I'm afraid our so-called democracy is infested with what I refer to as spurious safeguards - rules and regulations that are there to assure the public that all is hunky-dory but which are routinely ignored by those in power.
It is not that the powerful dislike rules - just those that place restrictions on them.
On my bookshelf is a wonderful booklet published by the Dept of Transport and the Regions (DETR) entitled "Modernising Trust Ports - A guide to good governance".
Published in 2000 this guidance sets out the rules for the governance of Trust Ports such as that in Milford Haven.
Despite its rather dull title, this document is designed to lighten the heart of anyone who believes in democracy.
It is full of uplifting phrases about openness, accountability, probity and partnership.
One bit that I particularly like is Section 9 which deals with the length of the terms of office of board members.
It reads: "All board appointments . . . should be of a maximum three years duration. Subject to continued eligibility each board member may be, exceptionally, appointed for a maximum of three terms. Reappointment for a third term should be regarded as the exception rather than the rule."
In a footnote the DETR explains the thinking behind this change in the rules.
"Many trust boards are currently made for indefinite periods or, if for a term, an unlimited number of terms. This can result in cosiness and complacency. It also means that the average trust board has a high average age. Defenders of the status quo point to such boards being a repository of experience. Unfortunately it also means that new blood with new ideas and new skills essential for the operation of a healthy and effective commercial organisation is often excluded."
And how do these new rules work out in practice?t
Well, would it surprise you to learn that, apart from a short break in 2006*, Cllr John Allen Mirehouse has been the local authority representative on the MHPA board (salary entitlement of circa £7,000 p.a) since 1979 (the year that Margaret Thatcher came to power), and, much to the annoyance of his former trades union colleagues (see Self-selecting), Danny Fellows has been the trades union representative since 1997?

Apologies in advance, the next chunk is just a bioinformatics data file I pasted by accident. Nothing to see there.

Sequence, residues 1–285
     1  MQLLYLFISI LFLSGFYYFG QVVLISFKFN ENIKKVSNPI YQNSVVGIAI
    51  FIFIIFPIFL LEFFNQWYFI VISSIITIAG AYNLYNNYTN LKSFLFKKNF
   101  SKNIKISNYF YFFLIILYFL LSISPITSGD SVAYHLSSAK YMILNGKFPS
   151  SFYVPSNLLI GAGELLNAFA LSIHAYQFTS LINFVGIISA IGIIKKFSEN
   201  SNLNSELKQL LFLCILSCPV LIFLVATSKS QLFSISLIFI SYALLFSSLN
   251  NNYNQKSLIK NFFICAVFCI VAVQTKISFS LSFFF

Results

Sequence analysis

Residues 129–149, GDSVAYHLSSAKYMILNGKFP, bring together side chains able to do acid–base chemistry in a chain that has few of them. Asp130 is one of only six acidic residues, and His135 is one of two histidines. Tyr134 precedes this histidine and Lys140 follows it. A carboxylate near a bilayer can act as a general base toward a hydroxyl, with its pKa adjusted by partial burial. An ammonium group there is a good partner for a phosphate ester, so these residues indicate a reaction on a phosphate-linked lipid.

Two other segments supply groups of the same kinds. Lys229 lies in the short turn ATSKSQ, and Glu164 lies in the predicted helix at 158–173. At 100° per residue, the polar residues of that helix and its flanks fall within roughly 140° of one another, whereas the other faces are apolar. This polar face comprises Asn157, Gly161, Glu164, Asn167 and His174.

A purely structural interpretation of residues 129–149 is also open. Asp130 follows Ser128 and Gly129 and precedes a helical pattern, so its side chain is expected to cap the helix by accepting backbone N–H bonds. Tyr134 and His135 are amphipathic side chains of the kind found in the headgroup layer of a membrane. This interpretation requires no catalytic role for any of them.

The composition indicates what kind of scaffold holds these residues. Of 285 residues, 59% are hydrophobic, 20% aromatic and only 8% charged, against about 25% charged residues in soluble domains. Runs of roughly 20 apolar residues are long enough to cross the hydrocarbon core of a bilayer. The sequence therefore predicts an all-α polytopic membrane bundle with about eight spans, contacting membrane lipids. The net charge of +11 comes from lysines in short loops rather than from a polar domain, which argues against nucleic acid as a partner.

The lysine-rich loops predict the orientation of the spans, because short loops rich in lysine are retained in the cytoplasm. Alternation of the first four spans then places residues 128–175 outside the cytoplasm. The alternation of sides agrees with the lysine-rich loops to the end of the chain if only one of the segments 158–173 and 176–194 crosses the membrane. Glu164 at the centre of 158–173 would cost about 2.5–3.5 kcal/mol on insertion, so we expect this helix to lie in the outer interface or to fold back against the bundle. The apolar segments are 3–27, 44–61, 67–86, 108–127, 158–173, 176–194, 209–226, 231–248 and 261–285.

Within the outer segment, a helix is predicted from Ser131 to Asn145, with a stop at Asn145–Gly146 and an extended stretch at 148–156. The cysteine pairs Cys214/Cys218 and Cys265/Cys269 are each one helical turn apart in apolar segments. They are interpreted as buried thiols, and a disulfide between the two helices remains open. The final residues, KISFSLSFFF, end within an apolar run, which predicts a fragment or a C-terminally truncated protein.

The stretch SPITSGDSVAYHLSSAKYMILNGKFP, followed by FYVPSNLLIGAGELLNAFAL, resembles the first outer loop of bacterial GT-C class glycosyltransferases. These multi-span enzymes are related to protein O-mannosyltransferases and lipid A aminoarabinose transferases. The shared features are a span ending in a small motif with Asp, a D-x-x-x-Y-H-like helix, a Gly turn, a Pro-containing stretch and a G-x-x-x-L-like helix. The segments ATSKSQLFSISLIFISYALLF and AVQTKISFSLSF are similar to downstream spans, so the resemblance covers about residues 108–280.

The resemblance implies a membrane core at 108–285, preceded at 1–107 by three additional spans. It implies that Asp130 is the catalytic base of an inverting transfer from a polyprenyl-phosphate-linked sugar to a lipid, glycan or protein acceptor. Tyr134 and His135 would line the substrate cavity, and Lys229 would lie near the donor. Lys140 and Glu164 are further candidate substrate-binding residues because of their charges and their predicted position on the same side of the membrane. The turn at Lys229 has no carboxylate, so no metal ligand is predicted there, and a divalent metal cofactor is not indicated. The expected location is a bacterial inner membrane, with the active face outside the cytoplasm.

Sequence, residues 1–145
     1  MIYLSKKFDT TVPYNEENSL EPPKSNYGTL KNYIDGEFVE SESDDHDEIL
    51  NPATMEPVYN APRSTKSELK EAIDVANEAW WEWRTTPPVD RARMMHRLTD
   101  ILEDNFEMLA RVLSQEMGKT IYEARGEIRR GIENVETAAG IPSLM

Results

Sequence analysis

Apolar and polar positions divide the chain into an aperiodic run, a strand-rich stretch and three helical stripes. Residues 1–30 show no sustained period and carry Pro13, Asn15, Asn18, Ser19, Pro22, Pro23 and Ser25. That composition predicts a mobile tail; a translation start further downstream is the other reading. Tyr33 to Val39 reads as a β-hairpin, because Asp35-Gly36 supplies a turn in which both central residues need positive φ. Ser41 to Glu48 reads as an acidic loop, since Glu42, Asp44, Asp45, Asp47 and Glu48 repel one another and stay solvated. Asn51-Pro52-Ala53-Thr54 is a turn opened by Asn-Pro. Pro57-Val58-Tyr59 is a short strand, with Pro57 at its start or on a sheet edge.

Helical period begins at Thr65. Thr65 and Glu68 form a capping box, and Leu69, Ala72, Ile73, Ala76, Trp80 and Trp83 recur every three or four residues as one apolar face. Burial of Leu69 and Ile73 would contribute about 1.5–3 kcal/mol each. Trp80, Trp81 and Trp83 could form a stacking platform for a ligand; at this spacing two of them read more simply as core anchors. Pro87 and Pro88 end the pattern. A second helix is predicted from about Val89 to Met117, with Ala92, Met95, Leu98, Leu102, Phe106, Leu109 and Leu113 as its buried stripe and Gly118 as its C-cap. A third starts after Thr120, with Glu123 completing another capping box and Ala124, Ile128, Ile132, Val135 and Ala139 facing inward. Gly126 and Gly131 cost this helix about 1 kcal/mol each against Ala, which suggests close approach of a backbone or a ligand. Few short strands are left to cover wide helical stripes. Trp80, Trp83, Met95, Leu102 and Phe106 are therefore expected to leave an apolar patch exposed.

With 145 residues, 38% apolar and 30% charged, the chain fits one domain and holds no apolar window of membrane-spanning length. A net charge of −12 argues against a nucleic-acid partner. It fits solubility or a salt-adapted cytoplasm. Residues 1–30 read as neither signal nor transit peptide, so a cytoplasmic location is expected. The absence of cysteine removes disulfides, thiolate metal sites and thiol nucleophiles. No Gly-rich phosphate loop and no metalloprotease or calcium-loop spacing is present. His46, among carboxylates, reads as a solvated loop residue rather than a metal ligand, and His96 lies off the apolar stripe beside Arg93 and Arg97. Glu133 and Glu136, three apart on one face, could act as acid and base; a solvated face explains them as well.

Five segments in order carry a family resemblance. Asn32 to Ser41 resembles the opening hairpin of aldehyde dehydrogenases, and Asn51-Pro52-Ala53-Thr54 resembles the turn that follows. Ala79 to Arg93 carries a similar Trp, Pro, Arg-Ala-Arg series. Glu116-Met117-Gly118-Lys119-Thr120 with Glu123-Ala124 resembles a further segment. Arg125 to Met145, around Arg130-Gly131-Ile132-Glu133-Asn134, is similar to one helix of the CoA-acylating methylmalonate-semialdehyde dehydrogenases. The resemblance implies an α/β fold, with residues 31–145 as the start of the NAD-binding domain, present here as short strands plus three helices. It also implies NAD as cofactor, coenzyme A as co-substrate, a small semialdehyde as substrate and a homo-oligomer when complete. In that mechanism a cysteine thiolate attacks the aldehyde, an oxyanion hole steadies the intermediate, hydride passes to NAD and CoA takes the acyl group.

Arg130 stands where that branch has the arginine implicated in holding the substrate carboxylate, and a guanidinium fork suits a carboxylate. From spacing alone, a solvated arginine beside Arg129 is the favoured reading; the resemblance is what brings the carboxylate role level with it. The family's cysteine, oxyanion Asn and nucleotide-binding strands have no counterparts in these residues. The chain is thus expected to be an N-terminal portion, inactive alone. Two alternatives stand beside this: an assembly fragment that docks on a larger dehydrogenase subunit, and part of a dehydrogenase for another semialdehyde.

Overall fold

* Cllr Allen Mirehouse resigned from the board in 2006 knowing full well that the term of office of Cllr Brian Howells, who had lost his seat at the 2004 election, was shortly to expire. Sure enough, when Cllr Howells left, Cllr Allen Mirehouse hopped back on board (literally).
The latest MHPA annual report show him as being appointed in 2006, but Old Grumpy has a big shed and my copies of the reports go back to before 2006 where the 1979 start date is recorded.

European politicians are being urged to get a grip and find a solution to the Euro debt crisis.
It occurs to me that there may be no solution, at least none that doesn't involve a considerable amount of economic pain.
There seem to be be two options which we will call Francois and Angela.
Francois would like to see more public spending as a way of promoting economic growth.
Critics of this approach ask whether borrowing more money to solve a debt crisis is a sensible course of action.
Angela favours cutting public spending, also known as austerity, as a means of reducing borrowing to levels that the economies of EU members can afford to service.
Critics of this approach point out that, in the short term, austerity destroys the prospects of the economic growth that is essential if countries are to pay down their debt.
If both sets of critics are right, as I believe they are, there is no happy ending.
The unpleasant truth is that the architects of the Euro embarked on a huge financial experiment with the continent's people as the guinea pigs.
As many warned at the outset, monetary union without prior political union has turned out to be a disatster.
As Bernard Connelly - the top EU official charged with the preparations for launch of the Euro pointed out in his book The Rotten Heart of Europe - this disaster was preplanned.
Knowing that the peoples of Europe wouldn't buy into political union, the Eurocrats decided to sell them monetary union instead.
This was a relatively simple task because it could be dressed up as being an easy route to prosperity.
In addition to the boost to trade as a result of the elimination of exchange rate risk, and the benefits of price transparency, we wouldn't have to endure the inconvenience of having to change our currency when we went on holiday.
And on top of that, the Euro would become a reserve currency to rival the Dollar.
Of course, they knew it wouldn't work, but that was the point because the inevitable crisis would provide the opportunity to force political union down the throats of an unwilling public.
Unfortunately, the American sub-prime fiasco: the banking crisis and the collapse of Lehman Bros; and the unsustainable accumulations of sovereign debt, meant the crisis, when it came, was bigger and more sudden than anyone had anticipated.